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Filing an Injury Claim Against the Government to Recoup Losses

Posted on behalf of Peter T. Nicholl in Personal Injury May 18, 2020

injury claim against the government If you are injured in an accident or incident due to someone else’s negligence, you generally have the legal right to pursue compensation against the at-fault party. This could also be true if a government entity or employee is involved, but the process is a lot more difficult and may involve complex rules.  

Our Maryland personal injury lawyers at The Law Offices of Peter T. Nicholl discuss these claims in length and explain the steps needed to take legal action. An initial consultation is 100 percent  free.

Maryland Tort Claims Act

The Maryland Tort Claims Act (MTCA) allows victims to sue a government entity or employee for their injuries. Tort claims often require personal injury victims to file these claims quickly. Generally, you must file a formal and written claim within one year from the date of your injury to the State treasurer or a designee of the treasurer. You are required to follow all normal rules for taking legal action in addition to the rules contained in the Act. The rules also limit the amount of losses you may be able to recoup.  

Filing a Claim Against the State or its Employees

To sue the State of Maryland or its State employees for causing your injury under the MTCA, certain steps must be taken. This includes the following:

  • Mail, fax or deliver the letter to the State treasurer – You are required to say why you think that the State or its employee acted negligently and why you think the State is liable for your injury. The claim letter needs to include the name and address of each person involved, an account of how the injury happened, where it took place and when, details of your injury and specific damages suffered, and contact details from you and your lawyer if being represented.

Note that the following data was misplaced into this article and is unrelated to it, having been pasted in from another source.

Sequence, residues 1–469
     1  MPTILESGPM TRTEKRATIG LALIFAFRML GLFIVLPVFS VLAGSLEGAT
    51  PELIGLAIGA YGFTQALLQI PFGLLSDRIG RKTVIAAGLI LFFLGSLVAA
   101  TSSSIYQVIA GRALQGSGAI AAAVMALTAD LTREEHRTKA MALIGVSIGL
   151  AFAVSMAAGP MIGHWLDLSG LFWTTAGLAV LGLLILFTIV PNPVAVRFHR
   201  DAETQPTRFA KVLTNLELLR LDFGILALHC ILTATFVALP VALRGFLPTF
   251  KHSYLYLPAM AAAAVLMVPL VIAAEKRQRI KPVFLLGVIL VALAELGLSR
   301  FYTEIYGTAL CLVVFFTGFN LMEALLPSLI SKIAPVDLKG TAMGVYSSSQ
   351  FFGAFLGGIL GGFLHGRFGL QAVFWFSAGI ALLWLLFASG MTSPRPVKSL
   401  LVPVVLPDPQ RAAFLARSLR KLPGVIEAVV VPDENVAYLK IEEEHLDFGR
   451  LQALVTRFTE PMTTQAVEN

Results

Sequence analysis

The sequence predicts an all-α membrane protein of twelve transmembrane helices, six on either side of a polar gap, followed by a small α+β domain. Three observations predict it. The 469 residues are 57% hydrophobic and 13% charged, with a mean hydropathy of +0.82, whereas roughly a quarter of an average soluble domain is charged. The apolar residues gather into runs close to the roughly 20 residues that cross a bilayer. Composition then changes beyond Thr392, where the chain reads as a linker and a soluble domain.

• Failure to file the claim letter within one year – You may still be able to file a lawsuit, but the State may argue that the letter was not filed on time and ask the court to dismiss the case. The court will make a decision as to whether or not you are able to take legal action.
  • The State will investigate the claim after letter is filed – This procedure is similar to what an insurance adjuster would do and may take some time to obtain a response.
  • The complaint, summons and any other documentation must be served – This is required once a lawsuit is filed in accordance with Maryland rules, even if you sent the claim letter.
  • Once a lawsuit is won against the State – There is a limit on the amount that the State is able to pay you for your injury. Legally, the state cannot be held responsible to any individual for over $400,000 for an injury that arises from a single accident or incident.  

Can I Sue a State Employee Personally?

Being able to sue a State employee personally is rare, but there are exceptions that exist. Legal action can be taken against State employees for actions that are taken outside of their work for the State. Legal action can also be taken if those actions took place as part of the State employee’s work, if he or she acted with malice or gross negligence. Proving these specific acts, however, can be a challenging task without the help of an experienced lawyer. 

Call Peter T. Nicholl to Get Started on Your Claim

Our licensed lawyers know what it takes to file injury claims against government entities or employees and are prepared to discuss these types of claims in greater detail during a free legal consultation. If you have a valid claim, there is only so much time to file and we want to make sure you do not forfeit your right to pursue compensation for your injury.

Our services are provided on a contingency fee basis, which means no fees up front unless you obtain a recovery. We are available to take your call 24 hours a day, seven days a week.

Get started by contacting our firm at 410-244-7005.

Contact our personal injury lawyers for a free consultation if you have been injured by another’s negligence. You may be entitled to compensation.

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